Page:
The Dallas Mavericks fell to 7-8 on the season Tuesday night following a 100-98 loss to Philadelphia, a game that said a lot about their prospects for this season.
The Mavericks were out rebounded for the ninth time this season, further reinforcing their status as the worst rebounding team in the league. Their issues go far beyond their ability to crash the glass, however, and as the season wears on, it’s becoming more clear that Dirk Nowitzki’s return may not be enough to keep this team from tanking.
Going into halftime against the Sixers, Dallas held a three point lead and were playing the type of basketball that Rick Carlisle teams are typically known for. They had 16 assists on 23 field goals made and committed only three turnovers in the entire half. But in the second, the ball stuck as they collected just seven assists and when they did pass it, they committed a dozen turnovers including eight in the fourth quarter. In the end, the Mavericks were unable to cling to a lead for a variety of factors that have consistently been plaguing this team over the course of their 15 games played.
Carlisle chose to start Dominique Jones at point guard, highlighting his frustrations with the defensive inadequacy of Darren Collison. Jones, who has been inconsistent throughout his career, failed to reward Carlisle for finally giving him starting minutes by going 0-5 finishing with just two points and three assists while committing four turnovers.
Collison wound up seeing the bulk of the minutes once again finishing with 12 points and 6 assists with four turnovers of his own. The lack of a solid ball handler and playmaker in the Mavericks back court is proving to be a detriment to their ability to win games and by the end of this one, most of the ball handling was left to O.J. Mayo.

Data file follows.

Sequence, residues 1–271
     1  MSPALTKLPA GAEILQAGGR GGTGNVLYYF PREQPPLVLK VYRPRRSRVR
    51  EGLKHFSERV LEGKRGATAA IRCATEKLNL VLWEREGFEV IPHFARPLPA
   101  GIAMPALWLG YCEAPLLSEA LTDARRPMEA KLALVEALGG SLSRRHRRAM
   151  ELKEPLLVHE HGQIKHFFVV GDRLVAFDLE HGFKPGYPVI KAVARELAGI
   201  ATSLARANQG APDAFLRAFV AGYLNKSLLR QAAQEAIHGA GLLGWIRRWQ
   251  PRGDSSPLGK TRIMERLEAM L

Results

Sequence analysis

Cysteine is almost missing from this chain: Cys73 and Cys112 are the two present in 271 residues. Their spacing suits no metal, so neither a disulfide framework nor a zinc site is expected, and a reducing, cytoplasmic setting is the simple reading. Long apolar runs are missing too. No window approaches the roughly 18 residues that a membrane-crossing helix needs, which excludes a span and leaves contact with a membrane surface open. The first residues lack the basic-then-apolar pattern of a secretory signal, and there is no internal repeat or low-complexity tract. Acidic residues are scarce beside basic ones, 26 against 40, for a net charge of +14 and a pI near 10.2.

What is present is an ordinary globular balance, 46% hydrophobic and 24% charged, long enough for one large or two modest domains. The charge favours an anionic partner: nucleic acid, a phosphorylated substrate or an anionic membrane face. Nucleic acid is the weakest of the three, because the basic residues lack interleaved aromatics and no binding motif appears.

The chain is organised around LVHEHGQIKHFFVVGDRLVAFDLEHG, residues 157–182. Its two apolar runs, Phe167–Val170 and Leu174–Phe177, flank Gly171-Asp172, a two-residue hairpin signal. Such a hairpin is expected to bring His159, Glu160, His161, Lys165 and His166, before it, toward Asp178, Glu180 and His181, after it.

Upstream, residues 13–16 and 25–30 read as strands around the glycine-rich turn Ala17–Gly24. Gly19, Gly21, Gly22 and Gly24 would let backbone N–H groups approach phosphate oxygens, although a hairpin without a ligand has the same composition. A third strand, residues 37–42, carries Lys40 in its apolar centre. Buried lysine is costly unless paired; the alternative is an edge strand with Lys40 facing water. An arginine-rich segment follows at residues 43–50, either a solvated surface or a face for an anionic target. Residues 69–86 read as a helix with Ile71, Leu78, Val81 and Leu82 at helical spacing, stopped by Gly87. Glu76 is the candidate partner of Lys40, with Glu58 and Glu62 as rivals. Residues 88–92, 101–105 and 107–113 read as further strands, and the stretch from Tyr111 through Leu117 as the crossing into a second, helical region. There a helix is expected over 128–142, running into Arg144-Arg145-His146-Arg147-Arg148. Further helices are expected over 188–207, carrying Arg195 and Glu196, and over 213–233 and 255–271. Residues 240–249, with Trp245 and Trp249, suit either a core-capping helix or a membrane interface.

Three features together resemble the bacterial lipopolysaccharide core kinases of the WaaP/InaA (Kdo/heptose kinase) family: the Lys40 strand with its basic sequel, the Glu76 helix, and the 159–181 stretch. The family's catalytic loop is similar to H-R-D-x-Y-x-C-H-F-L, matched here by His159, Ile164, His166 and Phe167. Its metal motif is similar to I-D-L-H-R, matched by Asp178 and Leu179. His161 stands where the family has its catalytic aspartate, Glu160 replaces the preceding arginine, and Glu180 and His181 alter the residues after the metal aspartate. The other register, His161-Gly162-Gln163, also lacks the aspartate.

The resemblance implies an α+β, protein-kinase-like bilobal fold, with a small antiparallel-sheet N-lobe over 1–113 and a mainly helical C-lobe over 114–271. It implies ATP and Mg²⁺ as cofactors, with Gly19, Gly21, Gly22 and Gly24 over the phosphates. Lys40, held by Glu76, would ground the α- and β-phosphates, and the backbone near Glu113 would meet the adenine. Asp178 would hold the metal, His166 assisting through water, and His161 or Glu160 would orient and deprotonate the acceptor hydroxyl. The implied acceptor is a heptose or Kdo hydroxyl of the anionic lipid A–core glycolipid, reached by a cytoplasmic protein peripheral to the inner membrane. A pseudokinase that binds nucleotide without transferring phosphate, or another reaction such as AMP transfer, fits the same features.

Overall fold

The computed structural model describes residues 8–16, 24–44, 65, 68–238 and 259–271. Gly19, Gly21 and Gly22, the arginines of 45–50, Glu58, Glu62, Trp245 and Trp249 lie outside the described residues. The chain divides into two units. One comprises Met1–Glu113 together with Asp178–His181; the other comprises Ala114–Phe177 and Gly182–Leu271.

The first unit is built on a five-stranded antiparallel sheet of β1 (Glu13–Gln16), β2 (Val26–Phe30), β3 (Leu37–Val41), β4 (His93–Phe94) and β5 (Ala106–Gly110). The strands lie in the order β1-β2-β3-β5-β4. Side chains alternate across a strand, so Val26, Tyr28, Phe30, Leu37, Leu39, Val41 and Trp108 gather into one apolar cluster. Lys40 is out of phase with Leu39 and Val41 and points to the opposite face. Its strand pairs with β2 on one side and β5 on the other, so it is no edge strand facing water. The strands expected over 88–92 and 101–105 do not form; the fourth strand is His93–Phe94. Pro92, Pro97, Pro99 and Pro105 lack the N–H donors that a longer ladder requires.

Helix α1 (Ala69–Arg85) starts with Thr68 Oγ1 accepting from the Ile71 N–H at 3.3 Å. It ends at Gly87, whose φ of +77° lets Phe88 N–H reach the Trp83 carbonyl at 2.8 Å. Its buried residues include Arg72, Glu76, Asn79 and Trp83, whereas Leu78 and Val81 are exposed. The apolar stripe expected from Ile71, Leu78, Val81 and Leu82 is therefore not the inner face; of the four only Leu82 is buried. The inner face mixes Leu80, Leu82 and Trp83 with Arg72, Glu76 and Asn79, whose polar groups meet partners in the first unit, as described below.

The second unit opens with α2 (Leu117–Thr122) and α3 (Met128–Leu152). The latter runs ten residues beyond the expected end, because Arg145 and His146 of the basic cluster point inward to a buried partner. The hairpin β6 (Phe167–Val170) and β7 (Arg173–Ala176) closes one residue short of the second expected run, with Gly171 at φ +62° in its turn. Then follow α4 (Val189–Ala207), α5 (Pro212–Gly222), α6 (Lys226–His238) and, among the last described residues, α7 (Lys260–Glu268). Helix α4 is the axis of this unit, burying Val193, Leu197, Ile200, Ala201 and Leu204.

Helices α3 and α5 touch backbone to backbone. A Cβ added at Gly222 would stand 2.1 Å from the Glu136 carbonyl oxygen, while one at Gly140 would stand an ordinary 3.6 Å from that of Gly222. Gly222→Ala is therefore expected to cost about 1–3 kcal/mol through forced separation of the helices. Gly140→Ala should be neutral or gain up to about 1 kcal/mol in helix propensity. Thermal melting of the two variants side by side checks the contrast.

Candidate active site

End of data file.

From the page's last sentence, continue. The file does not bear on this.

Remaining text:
In a league run by point guards, the Mavericks are left with an absence of a real distributor. Rodrigue Beaubois seems to have fallen out of favor with the coach and the remaining options have proven troublesome. Perhaps, just as important as their offensive struggles is the lack of defensive presence on the perimeter.
Outside of Tyson Chandler during their title run, the Mavs have never really had strong defensive players in their front court and the case is much of the same this season. The difference over the last few seasons was the ability of Jason Kidd to defend on the perimeter and trouble the way opposing bigs receive the ball. Without him, the ball tends to move through Dallas like a hot knife through butter whether it’s penetrating guards or opposing big men racking up points.
On the inside, Dallas is getting plenty of offensive production out of Chris Kaman and Elton Brand as they and Shawn Marion combined for 54 of the Mavs 98 points on Tuesday. All it took for the wheels to come off for Dallas was a bad shooting night from Mayo that included missing the game tying free throws in the dying seconds. Given what Nowitzki brings to the table, the question remains: can he really help the Mavericks given that they’re a team that needs help in areas he doesn’t normally excel in?
What has kept Dallas in games is their ability to score. The Mavericks are the fifth best scoring team in the league and rank in the top 10 in both field goal and three point percentage. Bad shooting nights will trouble any team and when the inevitable happens, you have to lean on the crutch that carries every great team to a championship; defense.
At the present time, the Mavericks don’t have enough of it and they won’t get much with the return of Nowitzki who has never been a great defender or rebounder. He doesn’t fix their troubles at point guard either and could actually hurt them by slowing down the offense for a team currently ranking fourth in fast break points.
A lot remains to be seen when it comes to the Mavericks, but it’s beginning to look like the Big German might not be enough to help them return to the postseason for a thirteenth consecutive year.